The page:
Emerging Contaminants and NRD Litigation
Several federal statutes provide for the recovery of natural resource damages (NRD), including the Clean Water Act; the Oil Pollution Act of 1990; the National Marine Sanctuaries Act; the Park System Resource Protection Act; and the Comprehensive Environmental Response, Compensation, and Liability Act of 1980 (CERCLA), with most NRD actions arising under CERCLA. That said, many emerging contaminants, including perfluorinated chemicals such as PFOA and PFOS, are not yet listed as “hazardous substances” under CERCLA. Further, those few emerging contaminants that have been identified as “hazardous substances” under CERCLA, such as 1,4-dioxane, N-Nitroso-dimethylamine (NDMA), dinitrotoluene, and tungsten, still lack legally enforceable MCLs at the federal level.
As a result, many NRD sites and NRD cases in which emerging contaminants are at issue are sites and cases arising under state NRD statutes, rather than CERCLA or one of the other federal NRD statutes. Indeed, when it comes to regulating emerging contaminants, several states are ahead of EPA and the federal government. For example, California added PFOA and PFOS to its Proposition 65 list in 2017, with reproductive toxicity listed as the endpoint. New York State officially identified PFOA and PFOS as “hazardous substances” in 2016, and claims to have been the first state in the nation to do so. Vermont, New Hampshire, Michigan, Minnesota, and Alaska are among states that have also established cleanup levels for PFOA and PFOS, and New Jersey has developed MCLs for PFOA and perfluorononanoic acid (PFNA) in drinking water.
States are also leading the way in NRD litigation. In State of Minnesota v. 3M Company, No. 27-cv-10-28862 (Minn. D. Ct.), Minnesota’s attorney general filed an NRD suit on behalf of the state for damages for impacts from perfluorinated compounds pursuant to the Minnesota Environmental Response and Liability Act, which defines “hazardous substances” more broadly than CERCLA does. That litigation settled in February 2018 for $850 million. In addition, New Jersey’s January 2018 Report of the Environment and Energy Transition Advisory Committee (submitted to then Governor-elect Phil Murphy) specifically recommends that the state consider actively pursuing NRD actions for contamination from perfluorinated chemicals.
While CERCLA does not (yet) include PFOA or PFOS and certain other emerging contaminants as hazardous substances, the combination of state regulation of these compounds and state-based NRD statutes raises the likelihood that certain of these emerging contaminants will be identified at NRD sites. In fact, notwithstanding that CERCLA does not yet identify PFOA as a “hazardous substance,” EPA added the Saint-Gobain Performance Plastics Site in Hoosick Falls, New York, to the Superfund National Priorities List in 2017. The primary contaminants at issue there are PFOA and trichloroethylene. Furthermore, while EPA’s action plan for perfluorinated chemicals indicates that EPA has not yet started to establish drinking water limits for PFOA and PFOS, the EPA now reports that it has started the regulatory process to list PFOA and PFOS as “hazardous substances” under CERCLA. Given all these factors, it is not a stretch to imagine that federal trustees may initiate CERCLA NRD assessments at sites where perfluorinated compounds are at issue.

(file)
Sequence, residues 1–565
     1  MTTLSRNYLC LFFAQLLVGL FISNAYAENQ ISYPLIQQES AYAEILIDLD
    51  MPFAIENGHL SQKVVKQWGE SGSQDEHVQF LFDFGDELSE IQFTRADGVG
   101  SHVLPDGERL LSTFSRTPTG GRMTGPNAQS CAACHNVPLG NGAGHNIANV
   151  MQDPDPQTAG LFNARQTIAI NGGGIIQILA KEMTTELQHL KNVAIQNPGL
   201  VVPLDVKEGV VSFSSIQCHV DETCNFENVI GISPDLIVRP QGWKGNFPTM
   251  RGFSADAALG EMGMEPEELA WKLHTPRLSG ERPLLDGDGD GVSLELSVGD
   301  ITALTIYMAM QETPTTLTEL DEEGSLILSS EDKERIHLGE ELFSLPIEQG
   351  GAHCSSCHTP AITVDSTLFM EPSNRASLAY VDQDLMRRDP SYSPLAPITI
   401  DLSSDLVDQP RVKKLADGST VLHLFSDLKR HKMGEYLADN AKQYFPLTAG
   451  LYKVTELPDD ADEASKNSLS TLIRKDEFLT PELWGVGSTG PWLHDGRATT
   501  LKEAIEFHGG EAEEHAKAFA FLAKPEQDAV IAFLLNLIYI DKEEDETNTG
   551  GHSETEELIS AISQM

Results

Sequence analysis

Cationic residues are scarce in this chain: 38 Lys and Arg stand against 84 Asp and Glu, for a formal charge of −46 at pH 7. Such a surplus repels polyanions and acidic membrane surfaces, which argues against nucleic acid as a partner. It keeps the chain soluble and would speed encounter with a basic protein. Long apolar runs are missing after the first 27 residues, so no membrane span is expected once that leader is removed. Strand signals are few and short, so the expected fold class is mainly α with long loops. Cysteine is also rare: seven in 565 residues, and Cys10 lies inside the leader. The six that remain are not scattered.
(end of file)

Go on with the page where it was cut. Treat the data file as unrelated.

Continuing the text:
Looking Ahead: Which Emerging Contaminants Might Appear at Your NRD Site?
Despite the lack of certainty of the environmental or ecological impacts of these compounds, significant concerns surrounding some emerging contaminants have already made them the focus of some NRD assessments. As mentioned above, NRD claims have been brought for perfluorinated compound contamination in Minnesota (3M Cottage Grove), and NRD assessments have also been performed for perchlorate (e.g., Textron Systems/Mass Military Reservation, Massachusetts); 1,4-dioxane (e.g., Nuclear Metals Superfund site in Concord, Massachusetts, and the Hanford Site in Hanford, Washington); and polybrominated diphenyl ethers (e.g., Portland Harbor, Oregon, and Hudson River, New York).
To determine whether these examples are just anomalies or whether emerging contaminants are likely to become more prevalent at other NRD sites, we reviewed available occurrence data for these chemicals to determine which are more prevalent at sites across the country. Based on data from the third Unregulated Contaminant Monitoring Rule (UCMR 3), pursuant to which EPA mandates sampling of drinking water supplies for certain emerging contaminants,1,4-dioxane and perfluorinated compounds, including PFOS and PFOA, are widespread across U.S. drinking water supplies (Figure 1). In addition, UCMR 3 required sampling for 1,2,3-trichloropropane (TCP), which is also detected regionally in areas such as New York, Florida, and California. Data collected at Superfund sites indicates that 1,4-dioxane; 2,4,6-trinitrotoluene (TNT); and Hexahydro-1,3,5-trinitro-1,3,5-triazine (RDX) have also been frequently detected at such sites.